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What We Think About When We Think About Soccer by Simon Critchley

What We Think About When We Think About Soccer

What We Think About When We Think About Soccer by Simon Critchley
Hardcover
Oct 31, 2017 | 224 Pages
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    Oct 31, 2017 | 224 Pages

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    Oct 31, 2017 | 224 Pages

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Praise

“Simon Critchley beguiles as he illuminates.” —David Mitchell, author of Cloud Atlas

“Simon Critchley is a figure of quite startling brilliance” —Jonathan Lethem, author of The Fortress of Solitude

“Critchley makes the sport’s myths tangible without removing our sense of awe.” —Rolling Stone

In this irresistible treatise on how soccer came to be the dominant sport around the globe…. Critchley’s depth and range of knowledge is remarkable.”—Publishers Weekly (Starred review)
 
“We have to admit that, like many Americans, what we mostly thought about when we thought about soccer was, ‘Why the heck don’t they just catch the ball and run?’  That was before we read Simon Critchley’s phenomenology of ‘the  beautiful game.’  Now we know, among other things, what it’s like to be a ball, and it turns out that from the ball’s point of view, it really is quite poetic.  This is not only a fun book about soccer; it’s also a fascinating work of phenomenology and aesthetics by a first-rate philosopher.” —Thomas Cathcart and Daniel Klein, authors of the New York Times bestseller Plato and a Platypus Walk into a Bar…

“This slim book will provide many pleasures…anyone who is passionate about a game and is willing to read a smart assessment of what it means to be a fan will find much to admire.” —Kirkus Reviews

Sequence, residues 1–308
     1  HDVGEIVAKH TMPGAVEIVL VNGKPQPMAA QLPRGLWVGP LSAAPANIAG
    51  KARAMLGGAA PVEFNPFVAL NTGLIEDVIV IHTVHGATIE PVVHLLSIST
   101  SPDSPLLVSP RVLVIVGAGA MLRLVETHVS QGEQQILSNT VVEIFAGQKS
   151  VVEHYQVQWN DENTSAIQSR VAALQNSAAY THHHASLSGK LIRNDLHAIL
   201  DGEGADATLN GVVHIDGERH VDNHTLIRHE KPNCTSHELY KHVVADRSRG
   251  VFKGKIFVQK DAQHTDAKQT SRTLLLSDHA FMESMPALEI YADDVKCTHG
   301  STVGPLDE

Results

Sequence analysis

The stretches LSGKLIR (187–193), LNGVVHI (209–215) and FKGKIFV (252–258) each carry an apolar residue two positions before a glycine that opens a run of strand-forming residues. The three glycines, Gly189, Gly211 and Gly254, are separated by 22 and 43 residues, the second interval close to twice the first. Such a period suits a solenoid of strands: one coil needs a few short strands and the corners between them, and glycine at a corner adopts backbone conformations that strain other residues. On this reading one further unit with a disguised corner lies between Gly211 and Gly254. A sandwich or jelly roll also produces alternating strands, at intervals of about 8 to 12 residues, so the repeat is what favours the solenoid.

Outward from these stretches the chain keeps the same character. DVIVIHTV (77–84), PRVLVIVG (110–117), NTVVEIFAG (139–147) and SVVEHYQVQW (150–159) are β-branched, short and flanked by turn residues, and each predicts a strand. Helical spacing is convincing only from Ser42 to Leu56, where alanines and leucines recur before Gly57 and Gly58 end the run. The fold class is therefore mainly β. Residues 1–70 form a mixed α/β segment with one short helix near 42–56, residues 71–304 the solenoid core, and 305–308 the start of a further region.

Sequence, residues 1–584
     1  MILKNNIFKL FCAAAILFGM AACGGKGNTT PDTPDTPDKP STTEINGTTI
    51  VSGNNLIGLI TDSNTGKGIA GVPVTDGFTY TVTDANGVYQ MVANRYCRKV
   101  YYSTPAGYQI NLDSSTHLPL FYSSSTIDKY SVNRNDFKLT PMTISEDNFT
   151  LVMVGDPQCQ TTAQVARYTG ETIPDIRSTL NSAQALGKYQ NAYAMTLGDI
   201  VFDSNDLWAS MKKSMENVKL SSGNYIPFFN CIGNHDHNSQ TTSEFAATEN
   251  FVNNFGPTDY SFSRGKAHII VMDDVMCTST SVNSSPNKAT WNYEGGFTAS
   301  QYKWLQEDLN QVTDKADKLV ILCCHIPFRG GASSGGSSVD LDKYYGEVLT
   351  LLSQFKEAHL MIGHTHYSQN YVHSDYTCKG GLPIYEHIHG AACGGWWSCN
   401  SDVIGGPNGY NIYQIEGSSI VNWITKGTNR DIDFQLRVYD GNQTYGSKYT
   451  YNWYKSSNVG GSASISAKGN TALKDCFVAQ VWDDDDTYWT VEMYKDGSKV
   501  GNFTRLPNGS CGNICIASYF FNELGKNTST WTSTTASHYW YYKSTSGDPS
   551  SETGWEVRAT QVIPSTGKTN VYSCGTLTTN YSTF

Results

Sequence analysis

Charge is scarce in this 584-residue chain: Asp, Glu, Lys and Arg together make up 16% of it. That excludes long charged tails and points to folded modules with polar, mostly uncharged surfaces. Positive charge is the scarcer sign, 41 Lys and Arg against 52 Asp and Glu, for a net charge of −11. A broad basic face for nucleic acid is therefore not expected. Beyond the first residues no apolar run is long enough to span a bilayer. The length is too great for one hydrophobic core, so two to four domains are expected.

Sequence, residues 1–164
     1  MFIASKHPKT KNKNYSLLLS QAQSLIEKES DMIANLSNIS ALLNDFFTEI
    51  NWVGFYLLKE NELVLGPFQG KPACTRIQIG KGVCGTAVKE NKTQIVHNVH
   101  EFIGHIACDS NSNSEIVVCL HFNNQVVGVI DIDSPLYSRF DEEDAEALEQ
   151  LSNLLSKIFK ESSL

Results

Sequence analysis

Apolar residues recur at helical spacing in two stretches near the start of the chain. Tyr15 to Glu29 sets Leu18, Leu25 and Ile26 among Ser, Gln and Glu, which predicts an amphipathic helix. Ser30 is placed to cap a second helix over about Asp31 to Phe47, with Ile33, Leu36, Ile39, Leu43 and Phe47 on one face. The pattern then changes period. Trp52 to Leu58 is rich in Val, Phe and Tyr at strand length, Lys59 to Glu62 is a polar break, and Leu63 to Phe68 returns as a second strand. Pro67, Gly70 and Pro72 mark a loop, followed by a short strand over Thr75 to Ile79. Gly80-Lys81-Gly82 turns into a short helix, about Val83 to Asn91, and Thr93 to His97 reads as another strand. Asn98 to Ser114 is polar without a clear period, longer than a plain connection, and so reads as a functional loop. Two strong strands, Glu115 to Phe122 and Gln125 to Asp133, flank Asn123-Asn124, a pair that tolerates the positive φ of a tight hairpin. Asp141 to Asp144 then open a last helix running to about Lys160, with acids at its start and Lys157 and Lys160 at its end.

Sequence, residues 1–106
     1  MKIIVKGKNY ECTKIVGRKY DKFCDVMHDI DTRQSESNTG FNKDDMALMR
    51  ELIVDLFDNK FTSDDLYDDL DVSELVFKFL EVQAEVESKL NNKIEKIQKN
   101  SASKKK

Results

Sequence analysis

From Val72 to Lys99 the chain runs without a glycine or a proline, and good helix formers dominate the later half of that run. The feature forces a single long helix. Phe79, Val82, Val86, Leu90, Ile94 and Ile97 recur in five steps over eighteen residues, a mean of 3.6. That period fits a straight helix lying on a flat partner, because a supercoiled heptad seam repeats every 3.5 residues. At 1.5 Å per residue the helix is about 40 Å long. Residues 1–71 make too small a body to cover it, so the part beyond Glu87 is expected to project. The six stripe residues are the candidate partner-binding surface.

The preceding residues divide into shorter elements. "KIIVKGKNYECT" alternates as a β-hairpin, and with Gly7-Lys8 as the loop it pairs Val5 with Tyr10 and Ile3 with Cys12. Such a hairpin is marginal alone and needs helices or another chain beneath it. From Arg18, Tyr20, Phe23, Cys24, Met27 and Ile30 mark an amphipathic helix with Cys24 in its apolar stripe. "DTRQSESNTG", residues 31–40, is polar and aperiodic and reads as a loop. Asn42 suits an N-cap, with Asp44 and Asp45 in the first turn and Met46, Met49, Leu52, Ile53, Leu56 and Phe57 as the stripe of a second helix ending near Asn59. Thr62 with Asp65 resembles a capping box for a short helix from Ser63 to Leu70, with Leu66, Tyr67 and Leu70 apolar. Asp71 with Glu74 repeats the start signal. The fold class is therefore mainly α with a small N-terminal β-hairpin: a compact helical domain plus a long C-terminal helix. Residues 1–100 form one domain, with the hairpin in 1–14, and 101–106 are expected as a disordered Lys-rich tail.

“Critchley has written a beautiful book about the beautiful game—about the way that soccer, at its best, can be elevated to an art form that enchants us, unites us, and occasionally appalls us.  Like any form of art, soccer has something to tell us about the world, how it is organized and how is occasionally comes apart.  The World Cup is coming—fans should start reading.” —John Kaag, author of American Philosophy: A Love Story

“Soccer is the world’s most beautiful game, with many aspects of it that are unexplainable. Simon Critchley’s book reminded me why millions—myself included—are so obsessed with this sport and how it has captured the imaginations of people all over the world.” —Robbie Rogers, author of Coming Out to Play


Praise for The Book of Dead Philosophers:

“A provocative and engrossing invitation to think about the human condition and what philosophy can do to illuminate it.” —Financial Times

“Critchley is among the hippest of (living) British philosophers.” —The Book Bench, The New Yorker

We have to admit that, like many Americans, what we mostly thought about when we thought about soccer was, ‘Why the heck don’t they just catch the ball and run?’  That was before we read Simon Critchley’s phenomenology of ‘the  beautiful game.’  Now we know, among other things, what it’s like to be a ball, and it turns out that from the ball’s point of view, it really is quite poetic.  This is not only a fun book about soccer; it’s also a fascinating work of phenomenology and aesthetics by a first-rate philosopher.” — Thomas Cathcart and Daniel Klein, authors of the New York Times bestseller Plato and a Platypus Walk into a Bar…

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